Cremation Urns have a Long History
Cremation urns are the vessels where people keep the remains of a deceased person after the body has been reduced to ashes by intense heat. They are also known as burial urns or funerary urns. Sometimes they have the name cinerary urns. By whatever name, they have a very long history.
From what date are the oldest known cremation urns?
The earliest urns so far discovered date from 7000 BC. Various archaeological sites in China reveal pottery urns which usually held the cremated remains of children, although sometimes they contained adult ashes.
Stone age and Bronze age urns
In Neolithic times cremation urns of simple pottery and with little embellishment, were common throughout Europe and Russia. By the Bronze age, cremation spread to the British Isles, Ireland, and to North America and the urns became more decorative, with more elaborate funeral rites involved. The discovery of a large urn burial in Norfolk provided much information about urns of this period.
Mycean age urns
From 1000-600 BC the Greeks made use of more elaborate and ornate funeral urns in their burial rites. Likewise, the Romans also chose to use painted Greek vases. They usually chose a lekythos in which to store the cremated remains. Additionally, they constructed buildings, rather like a columbarium in which to keep them. During this same time period, the Vikings also kept cremation ashes in special vessels, as did the Maya and Inca civilizations on the other side of the word.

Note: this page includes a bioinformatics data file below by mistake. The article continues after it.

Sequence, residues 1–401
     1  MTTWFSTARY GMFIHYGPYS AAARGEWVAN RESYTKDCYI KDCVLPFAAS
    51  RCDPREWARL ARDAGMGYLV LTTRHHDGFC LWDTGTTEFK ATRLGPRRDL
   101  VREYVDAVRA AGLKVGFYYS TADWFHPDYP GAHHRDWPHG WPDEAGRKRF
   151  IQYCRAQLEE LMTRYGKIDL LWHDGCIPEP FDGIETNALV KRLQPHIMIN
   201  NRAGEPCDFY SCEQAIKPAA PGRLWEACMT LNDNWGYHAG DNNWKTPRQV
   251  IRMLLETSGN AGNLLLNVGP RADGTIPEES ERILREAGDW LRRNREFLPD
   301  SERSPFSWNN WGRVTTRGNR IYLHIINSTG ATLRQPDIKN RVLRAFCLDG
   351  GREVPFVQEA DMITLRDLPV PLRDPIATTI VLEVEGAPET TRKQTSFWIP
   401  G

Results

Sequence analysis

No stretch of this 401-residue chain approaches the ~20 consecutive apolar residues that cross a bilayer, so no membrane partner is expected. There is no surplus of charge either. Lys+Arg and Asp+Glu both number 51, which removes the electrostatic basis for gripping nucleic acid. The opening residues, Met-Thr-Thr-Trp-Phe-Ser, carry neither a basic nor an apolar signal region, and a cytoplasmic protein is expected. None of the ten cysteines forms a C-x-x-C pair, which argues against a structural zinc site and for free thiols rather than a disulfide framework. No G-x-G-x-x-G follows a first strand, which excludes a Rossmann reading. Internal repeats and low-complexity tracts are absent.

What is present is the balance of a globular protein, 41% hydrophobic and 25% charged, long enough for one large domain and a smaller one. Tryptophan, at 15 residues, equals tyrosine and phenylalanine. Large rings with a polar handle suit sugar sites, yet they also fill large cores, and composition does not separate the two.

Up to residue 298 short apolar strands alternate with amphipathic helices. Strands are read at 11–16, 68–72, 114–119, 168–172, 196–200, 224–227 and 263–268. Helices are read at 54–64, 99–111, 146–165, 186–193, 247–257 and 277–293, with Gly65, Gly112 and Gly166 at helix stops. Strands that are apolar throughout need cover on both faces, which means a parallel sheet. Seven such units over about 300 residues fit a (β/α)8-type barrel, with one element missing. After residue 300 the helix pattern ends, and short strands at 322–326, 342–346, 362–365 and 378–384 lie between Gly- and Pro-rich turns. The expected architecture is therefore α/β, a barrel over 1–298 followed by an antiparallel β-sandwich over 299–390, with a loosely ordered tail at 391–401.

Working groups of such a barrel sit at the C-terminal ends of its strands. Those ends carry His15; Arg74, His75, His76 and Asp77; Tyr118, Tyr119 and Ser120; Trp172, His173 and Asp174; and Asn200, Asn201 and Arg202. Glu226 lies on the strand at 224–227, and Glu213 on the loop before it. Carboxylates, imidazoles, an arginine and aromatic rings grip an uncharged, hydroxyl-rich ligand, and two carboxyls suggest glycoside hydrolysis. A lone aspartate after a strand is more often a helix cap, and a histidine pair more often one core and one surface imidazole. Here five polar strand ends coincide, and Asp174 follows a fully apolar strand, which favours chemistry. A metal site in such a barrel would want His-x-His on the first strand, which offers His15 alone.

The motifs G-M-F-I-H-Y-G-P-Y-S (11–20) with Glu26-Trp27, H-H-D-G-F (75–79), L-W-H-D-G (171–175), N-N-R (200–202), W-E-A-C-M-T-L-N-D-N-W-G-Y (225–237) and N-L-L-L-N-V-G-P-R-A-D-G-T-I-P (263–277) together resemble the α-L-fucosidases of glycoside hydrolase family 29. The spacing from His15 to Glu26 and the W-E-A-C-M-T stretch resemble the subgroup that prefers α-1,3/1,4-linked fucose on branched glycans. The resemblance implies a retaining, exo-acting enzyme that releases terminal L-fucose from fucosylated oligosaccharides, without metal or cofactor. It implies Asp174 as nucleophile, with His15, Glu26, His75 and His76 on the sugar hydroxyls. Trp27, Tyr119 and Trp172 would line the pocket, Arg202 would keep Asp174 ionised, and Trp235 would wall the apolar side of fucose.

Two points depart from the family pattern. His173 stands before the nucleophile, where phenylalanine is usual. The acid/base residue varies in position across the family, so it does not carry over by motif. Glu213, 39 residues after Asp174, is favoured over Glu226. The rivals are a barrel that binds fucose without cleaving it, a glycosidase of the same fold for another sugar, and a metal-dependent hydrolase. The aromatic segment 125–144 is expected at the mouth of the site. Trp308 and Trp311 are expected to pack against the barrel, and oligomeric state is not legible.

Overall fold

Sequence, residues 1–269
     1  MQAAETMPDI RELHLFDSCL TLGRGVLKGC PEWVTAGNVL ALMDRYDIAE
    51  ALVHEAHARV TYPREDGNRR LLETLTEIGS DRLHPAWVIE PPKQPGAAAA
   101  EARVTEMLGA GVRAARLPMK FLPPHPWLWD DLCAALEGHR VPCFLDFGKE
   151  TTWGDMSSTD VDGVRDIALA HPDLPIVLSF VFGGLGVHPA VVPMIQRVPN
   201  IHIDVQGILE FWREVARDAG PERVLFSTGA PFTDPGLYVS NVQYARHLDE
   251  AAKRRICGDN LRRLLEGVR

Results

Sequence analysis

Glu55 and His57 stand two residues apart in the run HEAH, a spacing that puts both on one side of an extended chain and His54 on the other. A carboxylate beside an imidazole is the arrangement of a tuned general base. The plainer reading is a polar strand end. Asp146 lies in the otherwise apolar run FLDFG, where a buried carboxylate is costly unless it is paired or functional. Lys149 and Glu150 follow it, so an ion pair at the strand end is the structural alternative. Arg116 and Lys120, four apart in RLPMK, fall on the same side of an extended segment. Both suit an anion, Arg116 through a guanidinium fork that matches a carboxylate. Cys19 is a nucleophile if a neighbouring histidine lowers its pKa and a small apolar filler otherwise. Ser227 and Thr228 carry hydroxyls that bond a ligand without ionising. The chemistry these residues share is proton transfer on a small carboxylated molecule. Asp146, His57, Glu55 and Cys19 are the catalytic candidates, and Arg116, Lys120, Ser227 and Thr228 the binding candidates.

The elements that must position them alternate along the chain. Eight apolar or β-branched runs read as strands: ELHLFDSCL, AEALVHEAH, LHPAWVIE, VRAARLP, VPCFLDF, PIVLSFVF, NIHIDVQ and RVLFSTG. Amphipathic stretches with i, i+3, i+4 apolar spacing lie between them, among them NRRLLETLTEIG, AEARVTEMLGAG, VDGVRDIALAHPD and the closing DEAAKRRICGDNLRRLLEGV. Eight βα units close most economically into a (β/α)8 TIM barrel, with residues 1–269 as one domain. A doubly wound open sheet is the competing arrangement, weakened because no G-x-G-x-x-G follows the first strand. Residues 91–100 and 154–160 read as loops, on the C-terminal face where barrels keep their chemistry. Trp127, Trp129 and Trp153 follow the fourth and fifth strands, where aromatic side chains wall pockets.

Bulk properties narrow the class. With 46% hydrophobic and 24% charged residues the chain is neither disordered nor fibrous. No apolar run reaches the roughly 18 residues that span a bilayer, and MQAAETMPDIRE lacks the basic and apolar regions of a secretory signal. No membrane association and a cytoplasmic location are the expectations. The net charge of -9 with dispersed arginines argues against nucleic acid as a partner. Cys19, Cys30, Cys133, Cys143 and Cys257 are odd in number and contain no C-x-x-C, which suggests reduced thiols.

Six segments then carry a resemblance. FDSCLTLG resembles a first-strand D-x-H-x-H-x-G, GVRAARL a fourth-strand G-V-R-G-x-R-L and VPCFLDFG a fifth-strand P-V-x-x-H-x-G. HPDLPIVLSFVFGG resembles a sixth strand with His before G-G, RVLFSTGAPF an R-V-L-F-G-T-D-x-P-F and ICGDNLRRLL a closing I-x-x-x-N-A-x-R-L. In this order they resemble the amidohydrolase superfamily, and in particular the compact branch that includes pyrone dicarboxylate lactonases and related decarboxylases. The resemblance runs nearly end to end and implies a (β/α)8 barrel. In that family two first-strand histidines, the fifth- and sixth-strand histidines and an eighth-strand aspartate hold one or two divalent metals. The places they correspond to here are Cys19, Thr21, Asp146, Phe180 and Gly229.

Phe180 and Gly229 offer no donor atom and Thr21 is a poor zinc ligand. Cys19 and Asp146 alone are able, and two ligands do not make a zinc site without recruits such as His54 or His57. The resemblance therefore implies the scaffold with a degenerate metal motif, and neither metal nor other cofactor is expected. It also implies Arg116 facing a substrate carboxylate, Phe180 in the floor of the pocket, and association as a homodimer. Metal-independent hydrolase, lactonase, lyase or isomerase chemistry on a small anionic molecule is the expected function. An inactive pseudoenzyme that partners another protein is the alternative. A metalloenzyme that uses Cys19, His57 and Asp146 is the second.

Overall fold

The spread of Christianity saw a sharp decline in cremation practices.
Modern cremation urns
It was not until the end of the nineteenth century that cremation again became popular. Nowadays, it is the chosen way to dispose of bodies in much of the world.
Due to the increase in demand, many types of urns are now available. There are bronze, brass, wood, and marble urns. Additionally, there are stainless steel, glass, and ceramic urns. They come in traditional styles or more modern designs. Many people find comfort from keeping the ashes of a departed loved one close by in a beautiful vessel. There are even companion urns where two peoples ashes can remain together.
The future of burial urns
We are now becoming more ecologically conscious. Consequently, many people are choosing biodegradable urns and water-soluble urns. Substances which break down and decompose, such as hand-crafted papers or salt are becoming popular urn choices. Some people choose to scatter the cremated remains in a special place. They may employ a scattering tube which they can then reuse or recycle.
Many people still want to keep a part of a departed loved one close by. They can do this with a special piece of cremation jewellery. Many are choosing to mix a small part of the remains into a beautiful piece of memorial jewellery.